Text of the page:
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Cinque Terre - Linear Walk

5 days
Starting From

Cinque Terre Linear Map
Cinque Terre is quite possibly the most beautiful coastal walk in Europe, on the most magnificent part of the Italian Riviera. The Cinque Terre are five coastal, medieval villages in the province of La Spezia: Monterosso al Mare, Vernazza, Corniglia, Manarola and Riomaggiore. The coastline, the villages, and the surrounding hillsides are all part of a national park of the same name. The Cinque Terre is a UNESCO World Heritage Site. 

Make the most out of it by walking from the surfing town of Levanto, and finish your journey at the very end of the peninsula in Porto Venere. When looking at the distances from our itinerary, please bear in mind the elevation. The villages are scattered around the coast and there is no lower path available.



The small fishing village Vernazza is probably the most characteristic of the Cinque Terre and is classified as one of the most beautiful villages in Italy. Vernazza was founded about 1000 A.D. and was ruled by the Republic of Genoa starting in 1276. The medieval castle, Belforte, was built in the mid-1500’s, primarily to protect the village from pirates. The tiny port is surrounded by subtle colorful typical Ligurian houses and the charming piazza is lined with good restaurants and bars. There is a small, sandy beach in the natural harbor the Church of Santa Margherita di Antiochia. The village is surrounded by very steeply-terraced olive groves which are said to produce among the finest olive oil in the country.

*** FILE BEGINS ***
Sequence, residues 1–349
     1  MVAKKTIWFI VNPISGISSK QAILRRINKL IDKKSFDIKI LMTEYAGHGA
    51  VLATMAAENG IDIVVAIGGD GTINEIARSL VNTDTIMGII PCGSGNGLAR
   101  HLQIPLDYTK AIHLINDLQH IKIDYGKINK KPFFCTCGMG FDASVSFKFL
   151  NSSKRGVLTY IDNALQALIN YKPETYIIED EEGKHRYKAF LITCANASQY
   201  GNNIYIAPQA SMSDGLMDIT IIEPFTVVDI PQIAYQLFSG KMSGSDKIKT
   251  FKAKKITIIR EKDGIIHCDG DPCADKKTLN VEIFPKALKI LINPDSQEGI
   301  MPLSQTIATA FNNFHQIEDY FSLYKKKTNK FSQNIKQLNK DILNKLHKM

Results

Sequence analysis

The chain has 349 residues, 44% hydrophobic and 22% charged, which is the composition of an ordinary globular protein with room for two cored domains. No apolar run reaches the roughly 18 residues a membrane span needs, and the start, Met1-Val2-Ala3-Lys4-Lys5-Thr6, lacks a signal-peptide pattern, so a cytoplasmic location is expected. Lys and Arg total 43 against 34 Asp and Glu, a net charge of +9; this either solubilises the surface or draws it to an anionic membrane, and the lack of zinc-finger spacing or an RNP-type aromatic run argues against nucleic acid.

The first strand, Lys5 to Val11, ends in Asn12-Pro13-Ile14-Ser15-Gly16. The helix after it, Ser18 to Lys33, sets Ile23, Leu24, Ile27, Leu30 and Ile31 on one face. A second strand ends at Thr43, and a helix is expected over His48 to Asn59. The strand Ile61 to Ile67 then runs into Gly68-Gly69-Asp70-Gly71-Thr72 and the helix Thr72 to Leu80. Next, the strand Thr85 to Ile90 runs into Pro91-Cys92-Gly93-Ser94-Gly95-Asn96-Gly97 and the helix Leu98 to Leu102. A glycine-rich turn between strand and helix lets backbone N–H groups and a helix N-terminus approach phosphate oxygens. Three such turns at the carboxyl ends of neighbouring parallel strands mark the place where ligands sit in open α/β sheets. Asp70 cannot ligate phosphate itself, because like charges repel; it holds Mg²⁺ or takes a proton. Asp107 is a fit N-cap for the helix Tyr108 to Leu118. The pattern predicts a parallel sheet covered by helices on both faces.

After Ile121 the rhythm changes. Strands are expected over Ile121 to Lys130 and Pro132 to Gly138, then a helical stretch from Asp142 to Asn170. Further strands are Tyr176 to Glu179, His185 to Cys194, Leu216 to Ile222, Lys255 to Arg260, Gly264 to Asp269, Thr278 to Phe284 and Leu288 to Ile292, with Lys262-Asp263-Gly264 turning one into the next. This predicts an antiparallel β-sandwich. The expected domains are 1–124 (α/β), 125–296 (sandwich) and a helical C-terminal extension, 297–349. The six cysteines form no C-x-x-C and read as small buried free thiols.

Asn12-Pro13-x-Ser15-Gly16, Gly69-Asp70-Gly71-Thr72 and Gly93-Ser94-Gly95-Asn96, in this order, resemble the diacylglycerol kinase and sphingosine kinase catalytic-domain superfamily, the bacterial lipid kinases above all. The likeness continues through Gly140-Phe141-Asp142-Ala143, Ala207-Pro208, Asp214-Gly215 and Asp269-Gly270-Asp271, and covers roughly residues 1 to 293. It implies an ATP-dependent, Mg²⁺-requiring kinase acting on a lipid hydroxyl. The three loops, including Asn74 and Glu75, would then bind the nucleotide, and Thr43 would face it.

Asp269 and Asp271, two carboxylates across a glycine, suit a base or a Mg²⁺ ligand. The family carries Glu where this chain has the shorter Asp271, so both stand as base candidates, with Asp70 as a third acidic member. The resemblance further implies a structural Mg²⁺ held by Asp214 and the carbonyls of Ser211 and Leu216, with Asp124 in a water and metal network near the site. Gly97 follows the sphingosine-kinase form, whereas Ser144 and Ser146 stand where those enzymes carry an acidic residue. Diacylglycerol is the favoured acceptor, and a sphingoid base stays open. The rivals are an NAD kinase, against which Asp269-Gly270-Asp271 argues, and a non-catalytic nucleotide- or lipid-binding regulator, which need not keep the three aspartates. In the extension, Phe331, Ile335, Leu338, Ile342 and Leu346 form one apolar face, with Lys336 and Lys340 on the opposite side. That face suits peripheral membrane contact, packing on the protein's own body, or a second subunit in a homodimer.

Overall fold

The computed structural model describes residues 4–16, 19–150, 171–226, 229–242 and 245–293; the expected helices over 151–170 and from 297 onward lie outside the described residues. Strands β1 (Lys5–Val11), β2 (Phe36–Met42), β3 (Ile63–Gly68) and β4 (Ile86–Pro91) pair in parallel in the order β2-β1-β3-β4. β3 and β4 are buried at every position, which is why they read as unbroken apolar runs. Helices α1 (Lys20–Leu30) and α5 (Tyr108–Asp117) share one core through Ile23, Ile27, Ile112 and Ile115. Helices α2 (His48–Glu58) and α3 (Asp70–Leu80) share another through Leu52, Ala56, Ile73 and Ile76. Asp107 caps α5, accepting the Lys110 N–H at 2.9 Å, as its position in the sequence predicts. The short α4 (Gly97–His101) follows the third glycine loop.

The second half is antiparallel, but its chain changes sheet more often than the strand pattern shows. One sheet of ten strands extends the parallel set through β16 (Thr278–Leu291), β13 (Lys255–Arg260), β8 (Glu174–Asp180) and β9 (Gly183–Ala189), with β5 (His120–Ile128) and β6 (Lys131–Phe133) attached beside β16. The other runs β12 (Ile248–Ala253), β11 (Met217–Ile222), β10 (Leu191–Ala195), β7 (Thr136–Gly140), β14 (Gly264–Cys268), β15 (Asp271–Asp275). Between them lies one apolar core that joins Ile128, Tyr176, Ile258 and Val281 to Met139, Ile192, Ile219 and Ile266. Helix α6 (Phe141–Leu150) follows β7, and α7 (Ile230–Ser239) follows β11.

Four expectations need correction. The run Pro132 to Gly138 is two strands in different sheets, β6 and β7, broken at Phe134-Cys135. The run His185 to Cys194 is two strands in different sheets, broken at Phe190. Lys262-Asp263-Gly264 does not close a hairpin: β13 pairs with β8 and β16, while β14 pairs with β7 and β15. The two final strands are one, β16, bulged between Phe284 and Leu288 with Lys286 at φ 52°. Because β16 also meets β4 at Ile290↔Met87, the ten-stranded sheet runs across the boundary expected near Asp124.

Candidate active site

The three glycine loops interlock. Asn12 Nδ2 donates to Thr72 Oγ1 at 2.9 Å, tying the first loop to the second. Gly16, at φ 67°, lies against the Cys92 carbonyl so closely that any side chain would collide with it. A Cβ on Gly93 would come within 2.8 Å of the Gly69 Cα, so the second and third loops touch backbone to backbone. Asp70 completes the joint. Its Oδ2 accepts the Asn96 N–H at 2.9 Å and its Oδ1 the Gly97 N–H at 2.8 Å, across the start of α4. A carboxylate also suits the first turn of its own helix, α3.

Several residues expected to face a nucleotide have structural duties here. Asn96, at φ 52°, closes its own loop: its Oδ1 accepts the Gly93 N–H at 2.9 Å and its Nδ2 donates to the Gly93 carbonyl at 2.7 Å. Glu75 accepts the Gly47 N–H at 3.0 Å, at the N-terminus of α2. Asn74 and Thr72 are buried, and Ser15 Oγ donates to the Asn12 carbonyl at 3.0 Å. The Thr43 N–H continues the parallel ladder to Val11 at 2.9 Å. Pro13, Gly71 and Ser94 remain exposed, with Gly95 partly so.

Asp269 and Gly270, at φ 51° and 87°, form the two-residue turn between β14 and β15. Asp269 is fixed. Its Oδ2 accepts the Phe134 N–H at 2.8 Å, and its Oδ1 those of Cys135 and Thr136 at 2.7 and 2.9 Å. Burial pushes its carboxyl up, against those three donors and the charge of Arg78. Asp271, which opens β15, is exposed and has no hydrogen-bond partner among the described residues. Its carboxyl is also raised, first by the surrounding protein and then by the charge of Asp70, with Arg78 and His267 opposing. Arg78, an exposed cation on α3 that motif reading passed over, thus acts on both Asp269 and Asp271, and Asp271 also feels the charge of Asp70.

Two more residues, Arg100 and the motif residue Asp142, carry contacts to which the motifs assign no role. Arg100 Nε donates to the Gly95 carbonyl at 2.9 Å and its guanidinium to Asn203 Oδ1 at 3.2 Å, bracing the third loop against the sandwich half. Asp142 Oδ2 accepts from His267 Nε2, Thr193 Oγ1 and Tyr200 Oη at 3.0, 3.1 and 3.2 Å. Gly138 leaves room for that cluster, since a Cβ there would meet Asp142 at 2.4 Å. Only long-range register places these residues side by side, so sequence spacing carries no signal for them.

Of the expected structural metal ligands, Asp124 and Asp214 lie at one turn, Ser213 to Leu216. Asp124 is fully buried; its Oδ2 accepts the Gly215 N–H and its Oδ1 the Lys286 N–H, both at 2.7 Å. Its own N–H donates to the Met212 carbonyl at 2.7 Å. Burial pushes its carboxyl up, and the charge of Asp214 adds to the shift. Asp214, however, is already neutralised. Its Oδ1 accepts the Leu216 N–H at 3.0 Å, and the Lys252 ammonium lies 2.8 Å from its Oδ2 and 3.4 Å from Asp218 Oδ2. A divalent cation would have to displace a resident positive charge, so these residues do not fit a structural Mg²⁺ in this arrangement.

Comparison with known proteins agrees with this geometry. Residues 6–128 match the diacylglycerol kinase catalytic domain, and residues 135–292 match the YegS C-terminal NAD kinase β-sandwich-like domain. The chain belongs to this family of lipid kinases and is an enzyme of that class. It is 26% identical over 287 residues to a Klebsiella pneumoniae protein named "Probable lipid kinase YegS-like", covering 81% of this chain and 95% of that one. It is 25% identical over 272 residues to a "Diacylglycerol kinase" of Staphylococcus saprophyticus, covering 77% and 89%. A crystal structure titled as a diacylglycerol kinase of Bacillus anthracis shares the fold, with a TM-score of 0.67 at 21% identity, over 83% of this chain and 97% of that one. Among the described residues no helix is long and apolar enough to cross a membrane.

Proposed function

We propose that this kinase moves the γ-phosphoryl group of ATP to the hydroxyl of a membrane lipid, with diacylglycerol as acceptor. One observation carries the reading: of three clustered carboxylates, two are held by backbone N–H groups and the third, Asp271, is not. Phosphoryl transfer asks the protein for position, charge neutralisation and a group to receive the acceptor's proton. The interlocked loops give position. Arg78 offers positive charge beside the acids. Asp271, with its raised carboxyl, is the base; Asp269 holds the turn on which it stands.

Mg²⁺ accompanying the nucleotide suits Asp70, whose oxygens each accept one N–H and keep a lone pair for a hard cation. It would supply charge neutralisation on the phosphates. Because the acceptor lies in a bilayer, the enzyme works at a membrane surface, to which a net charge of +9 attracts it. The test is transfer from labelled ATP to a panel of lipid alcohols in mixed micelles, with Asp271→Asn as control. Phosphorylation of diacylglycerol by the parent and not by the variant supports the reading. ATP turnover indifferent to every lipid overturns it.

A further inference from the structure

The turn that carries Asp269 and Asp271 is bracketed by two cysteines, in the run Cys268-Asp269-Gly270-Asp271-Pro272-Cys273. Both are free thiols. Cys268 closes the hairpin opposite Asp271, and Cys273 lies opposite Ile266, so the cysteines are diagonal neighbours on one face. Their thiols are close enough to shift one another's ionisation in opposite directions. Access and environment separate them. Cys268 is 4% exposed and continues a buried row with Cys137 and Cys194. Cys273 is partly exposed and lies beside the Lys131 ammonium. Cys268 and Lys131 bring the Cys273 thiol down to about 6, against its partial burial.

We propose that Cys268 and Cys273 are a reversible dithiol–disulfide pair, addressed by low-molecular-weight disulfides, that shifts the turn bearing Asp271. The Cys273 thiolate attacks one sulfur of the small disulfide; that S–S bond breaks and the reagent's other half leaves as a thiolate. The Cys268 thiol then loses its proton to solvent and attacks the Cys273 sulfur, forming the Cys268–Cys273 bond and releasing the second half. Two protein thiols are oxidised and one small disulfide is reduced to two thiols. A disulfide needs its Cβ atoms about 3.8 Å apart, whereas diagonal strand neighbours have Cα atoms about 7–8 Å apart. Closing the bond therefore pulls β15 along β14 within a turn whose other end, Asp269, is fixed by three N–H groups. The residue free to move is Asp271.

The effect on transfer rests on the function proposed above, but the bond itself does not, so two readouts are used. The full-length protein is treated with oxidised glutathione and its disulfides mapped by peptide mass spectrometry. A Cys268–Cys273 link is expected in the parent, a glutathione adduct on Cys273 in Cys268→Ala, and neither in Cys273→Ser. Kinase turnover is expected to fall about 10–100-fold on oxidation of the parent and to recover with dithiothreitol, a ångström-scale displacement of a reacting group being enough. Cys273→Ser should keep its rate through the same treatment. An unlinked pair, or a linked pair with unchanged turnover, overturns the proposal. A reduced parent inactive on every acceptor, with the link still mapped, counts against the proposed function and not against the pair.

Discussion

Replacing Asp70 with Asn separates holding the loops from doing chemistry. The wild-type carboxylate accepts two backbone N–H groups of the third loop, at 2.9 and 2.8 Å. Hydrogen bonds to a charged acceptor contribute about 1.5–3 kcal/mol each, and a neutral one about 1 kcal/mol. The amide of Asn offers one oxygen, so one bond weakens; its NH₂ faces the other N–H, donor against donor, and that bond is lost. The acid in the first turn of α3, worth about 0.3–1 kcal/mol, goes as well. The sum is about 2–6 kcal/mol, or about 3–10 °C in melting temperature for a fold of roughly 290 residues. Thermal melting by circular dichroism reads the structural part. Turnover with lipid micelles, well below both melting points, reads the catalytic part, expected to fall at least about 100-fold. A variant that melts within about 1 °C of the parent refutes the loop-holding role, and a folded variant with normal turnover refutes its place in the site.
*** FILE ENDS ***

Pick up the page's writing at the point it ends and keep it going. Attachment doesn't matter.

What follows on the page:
Riomaggiore and other Cinque Terre towns were the inspiration for the fictional Portorosso in the 2021 animated film Luca. Riomaggiore dates back to the 7th century and thanks to its hidden and unique position it has preserved its authenticity over the centuries as well as the nature that surrounds it: an uncontaminated but shaped Mediterranean scrub, with stone terraces and dry stone walls, by the skilled hands of man. Only in the nineteenth century the village was reached by the railway, which first connected it to the other villages of the Cinque Terre and then to the rest of Italy.

Wines of the Cinque Terre

The wines of the Cinque Terre represent one of the most renowned and sought-after products, derived from the vertical slopes on the famous terracing from the skilled hands of heroic winemakers. The vine appears in the Mediterranean area and in Liguria, around the end of the 4th millennium BC In the eastern part of the Mediterranean we have traces of wine trade around 2,400 BC and in the Cinque Terre wine has always represented the main source that fed the barter, maritime trade and the livelihood of the inhabitants of the villages.

Levanto to Porto Venere
Cinque Terre - Coastal Walk
From €1260
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Included in this package
  • Bed & Breakfast
  • Specially hand-picked accommodation
  • Our Holiday or Pilgrim Pack
  • 24/7 Customer Service
  • Virtual face to face pre-departure briefing
  • Premium Accommodation
  • Airport Pick-up
  • Additional Night
  • Dinners
  • Luggage transfers from hotel to hotel
  • Day Tours Available
Not included
  • Flights/trains
  • Insurance
  • Drinks/Lunch


Day 1

LEVANTO (Arrival)

Take a train to the Cinque Terre (see “How to get there”) and check into your accommodation in the town of Monterosso or Riomaggiore (depending on the option you chose). If you arrive early enough, it would be possible to complete one of the shorter walks or you could explore, rest, or go for a swim. Levanto is a very pleasant town with a long beach (sand and pebbles).